And now, a Shitshow Week review from Eater co-founder Ben Leventhal:
[Bill's by Krieger]
There have never been fewer restaurants that are For Everyone. I'm not sure if this is true, but it seems like it is. I'm talking about your Frankies 457s, which are very much For Everyone. Barbuto is For Everyone. At the risk of rousing the Chang Must Die subset of Eater commenters, Momofuku Noodle Bar is absolutely For Everyone. ZZ's Clam Bar, Charlie Bird, Estela, Costata, Mission Chinese, and The Nomad are all great, but there seems to be a degree of clientele specificity creeping into restaurateurs' minds.
John DeLucie has several times in his career helmed legendary restaurant spaces through a conversion into very exclusive clubs. The Waverly Inn, which put him on the map, was so exclusive when it opened that one had to talk to co-owner Graydon Carter's assistant to get a table. At The Lion, on West Ninth Street, he established a loyal following by being the place "for everyone" that was actually just for friends of the house. Crown, on East 81st Street, is for everyone who lives in New York City's richest zip code, 10021.
To be clear, it's okay to be elitist and it's okay to say, "My restaurant isn't for you." More restaurateurs should have the guts to make such a declaration. It would save a lot of people all that money they spend trying to crash the party. DeLucie is a chef who has been unafraid to cater to a specific crowd and he deserves credit for his candor and for knowing what he wants and going after it.
His latest historic location takeover is of Bill's Gay Nineties, born a speakeasy on East 54th Street in 1924.
So, we proceed into what is now Bill's Food & Drink.
The first thing you notice about Bill's, remember about Bill's, is that it is quite handsome. The walls are covered with vintage maps, portraits, and doodles. The townhouse has wonderful bones, the kind of broken-in wood paneling and aged brass restaurants of a newer vintage have paid Roman & Williams dearly to import.
The music is right, too. In the tradition of Bill's Gay Nineties, there is a piano player in the bar room. On the way out he was playing Billy Joel, which was the appropriate choice for 11 p.m. In fact, the bar room must murder early fall. Being able to open up the storefront and having that bar fill with fresh air makes me want to work in Midtown. It's sort of an al fresco '21.'
I was embarrassingly late for my reservation and the maitre d' greeted me with the exact right amount of scolding. I said, "I'm sorry I'm late. We're ready when you are, happy to get a drink if things have shifted." He said, "We've been ready for you for an hour. Let's go." Great start, all around, the evening starting to appear to be a total waste of Eater coin.
But, of course, Bill's doesn't find itself in the crosshairs of Shitshow Week by accident, so let's pound that pavement a bit. The essential question here is: Can a restaurant be a shitshow on account of the difference between what it promises and what it delivers? Because in that delta Bill's is deeply flawed.
People have too specific an idea of what an heirloom tomato and burrata salad this time of year tastes like for this version to be so bland and the burrata so dry. If you're going to do a plate of fresh kale, the current King of Greens, the expectations are for something light and refreshing. The one at Bill's is on the wrong side of leathery.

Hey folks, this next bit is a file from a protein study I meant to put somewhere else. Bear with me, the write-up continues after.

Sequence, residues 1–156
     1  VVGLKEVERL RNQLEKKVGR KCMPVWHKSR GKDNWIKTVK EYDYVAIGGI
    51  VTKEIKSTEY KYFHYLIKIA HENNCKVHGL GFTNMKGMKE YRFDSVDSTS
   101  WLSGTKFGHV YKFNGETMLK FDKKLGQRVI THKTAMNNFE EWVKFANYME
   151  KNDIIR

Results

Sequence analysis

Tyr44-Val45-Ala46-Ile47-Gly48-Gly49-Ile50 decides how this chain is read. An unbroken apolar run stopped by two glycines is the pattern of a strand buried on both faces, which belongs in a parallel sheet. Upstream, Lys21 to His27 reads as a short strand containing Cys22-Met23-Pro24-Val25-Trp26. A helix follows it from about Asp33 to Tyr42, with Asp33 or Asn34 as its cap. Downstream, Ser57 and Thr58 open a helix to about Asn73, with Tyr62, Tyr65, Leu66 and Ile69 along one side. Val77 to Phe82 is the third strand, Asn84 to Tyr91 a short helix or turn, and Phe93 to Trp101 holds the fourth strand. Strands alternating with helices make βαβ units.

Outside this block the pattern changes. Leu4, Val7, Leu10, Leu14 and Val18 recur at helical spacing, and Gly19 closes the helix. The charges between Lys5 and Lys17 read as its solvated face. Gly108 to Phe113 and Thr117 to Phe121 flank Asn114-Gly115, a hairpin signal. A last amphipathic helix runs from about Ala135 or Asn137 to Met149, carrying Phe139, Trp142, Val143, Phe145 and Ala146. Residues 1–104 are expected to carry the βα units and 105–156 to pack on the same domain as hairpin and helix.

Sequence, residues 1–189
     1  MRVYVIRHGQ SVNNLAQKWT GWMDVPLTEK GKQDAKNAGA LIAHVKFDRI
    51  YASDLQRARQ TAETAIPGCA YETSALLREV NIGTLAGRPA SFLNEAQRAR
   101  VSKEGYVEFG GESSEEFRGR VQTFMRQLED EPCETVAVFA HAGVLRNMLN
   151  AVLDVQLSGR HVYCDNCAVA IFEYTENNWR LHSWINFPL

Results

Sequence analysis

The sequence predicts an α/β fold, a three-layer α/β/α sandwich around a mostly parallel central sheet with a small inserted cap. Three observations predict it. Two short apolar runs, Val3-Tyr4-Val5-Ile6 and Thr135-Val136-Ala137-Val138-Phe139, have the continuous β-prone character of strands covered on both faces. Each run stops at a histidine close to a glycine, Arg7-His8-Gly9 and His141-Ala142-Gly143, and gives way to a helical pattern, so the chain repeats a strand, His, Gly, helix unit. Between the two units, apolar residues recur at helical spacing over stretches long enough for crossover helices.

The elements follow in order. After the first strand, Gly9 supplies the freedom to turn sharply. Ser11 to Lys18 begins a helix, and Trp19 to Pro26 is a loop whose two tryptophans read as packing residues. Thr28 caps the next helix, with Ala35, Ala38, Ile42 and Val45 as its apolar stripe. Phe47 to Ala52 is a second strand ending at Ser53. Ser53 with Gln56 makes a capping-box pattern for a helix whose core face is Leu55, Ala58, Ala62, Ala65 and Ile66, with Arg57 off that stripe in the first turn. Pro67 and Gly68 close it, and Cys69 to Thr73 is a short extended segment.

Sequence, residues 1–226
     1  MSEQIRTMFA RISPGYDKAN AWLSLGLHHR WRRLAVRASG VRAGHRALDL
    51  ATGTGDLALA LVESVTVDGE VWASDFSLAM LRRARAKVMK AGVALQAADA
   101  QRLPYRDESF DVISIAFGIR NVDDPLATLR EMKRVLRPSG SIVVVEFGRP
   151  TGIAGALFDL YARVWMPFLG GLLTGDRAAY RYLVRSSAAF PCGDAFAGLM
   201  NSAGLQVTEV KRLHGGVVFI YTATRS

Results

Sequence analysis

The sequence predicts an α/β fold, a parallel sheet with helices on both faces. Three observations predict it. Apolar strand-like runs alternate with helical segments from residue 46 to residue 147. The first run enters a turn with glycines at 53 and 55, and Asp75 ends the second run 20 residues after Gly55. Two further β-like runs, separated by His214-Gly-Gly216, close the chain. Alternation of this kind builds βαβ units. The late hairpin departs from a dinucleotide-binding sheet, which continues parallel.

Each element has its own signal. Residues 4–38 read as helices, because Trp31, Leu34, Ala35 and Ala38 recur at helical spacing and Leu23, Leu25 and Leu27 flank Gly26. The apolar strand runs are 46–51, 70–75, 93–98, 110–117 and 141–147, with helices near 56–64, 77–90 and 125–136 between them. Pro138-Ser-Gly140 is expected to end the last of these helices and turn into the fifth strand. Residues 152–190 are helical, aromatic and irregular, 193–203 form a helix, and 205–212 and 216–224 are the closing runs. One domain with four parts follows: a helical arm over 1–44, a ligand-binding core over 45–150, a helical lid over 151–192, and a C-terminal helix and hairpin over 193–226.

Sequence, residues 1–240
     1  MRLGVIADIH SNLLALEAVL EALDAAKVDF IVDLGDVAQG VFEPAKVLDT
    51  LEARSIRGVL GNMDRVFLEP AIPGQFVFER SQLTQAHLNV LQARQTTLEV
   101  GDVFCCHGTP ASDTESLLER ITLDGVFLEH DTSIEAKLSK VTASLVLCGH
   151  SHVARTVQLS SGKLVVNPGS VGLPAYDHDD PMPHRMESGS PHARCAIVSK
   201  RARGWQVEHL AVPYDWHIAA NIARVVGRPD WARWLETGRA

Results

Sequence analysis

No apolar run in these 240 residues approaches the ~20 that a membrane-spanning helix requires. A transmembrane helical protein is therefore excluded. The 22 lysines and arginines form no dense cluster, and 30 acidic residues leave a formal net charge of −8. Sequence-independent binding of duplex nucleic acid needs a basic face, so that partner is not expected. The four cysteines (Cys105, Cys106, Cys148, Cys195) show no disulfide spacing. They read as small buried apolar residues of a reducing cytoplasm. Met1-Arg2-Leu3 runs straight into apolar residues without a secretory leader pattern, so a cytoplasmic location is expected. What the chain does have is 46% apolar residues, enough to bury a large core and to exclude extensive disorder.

In better news, Bill's Bolognese, which reads signature on the menu, was very good; noodles, sauce, meat quotient, umami all as they should be. The trendiest steaks are the fattiest, and that trope is preserved here. After we did a round-robin tasting and it was time to call dibs on a plate to finish, the steak did not get picked last. (The cod did.)
In legitimately great news, there's soft-serve ice cream for dessert. Our table was unanimously in favor it. But here is where Bill's runs back into trouble. First, this soft-serve is $12 before toppings, which go for an additional $1 per for things like M&Ms, Heath Bar crunch, and Oreos. To make matters worse, it's icy. It's not rich and dreamy and restaurant-y, which, thanks to Noodle Bar, we've come to expect when a proper food establishment puts Tasti D on offer.
Given the price and the product available for $5 one block in any direction, and the fact that it's arrived half-melted, here's where you start to hear the Shitshow angels humming a lullaby in your ear.
And, the disappointments start to cascade. This isn't what a Class A operator should be doing with a place that's been a New York treasure for almost 100 years. (Is this really Bill's, by the way? It's not entirely clear it is.)
Those great bones you were admiring earlier are now a problem, because you're listening to a dining room soundtrack through speakers and the piano man through the floor boards. Your wife reminds you how hot it will be downstairs until fall does set in. You're staring down a $438.77 tab before tip (for four; food sub-total, $316; bev, $87) and at $100-plus per, you want to leave craving something. But you can't think of one thing you ate for which you'd return. You now remember the wine list was presented upside down and you notice the weird filet mignon painting (oil on canvas, c. 2011).
You don't feel empty because you're on the outside of a restaurant that isn't for everyone. In fact, this could be the DeLucie restaurant For Everyone. You feel empty because if this restaurant served food at the level of any of DeLucie's other restaurants, it would be giving Monkey Bar, the other storied Midtown East clubhouse, a real run for its money. It would be great.
You're feeling over promised and under delivered to, and profoundly so. The Shitshow angels are still chirping, a little bit louder now.
Verdict: Shitshow, unfortunately.
· All Coverage of Bill's [~ENY~]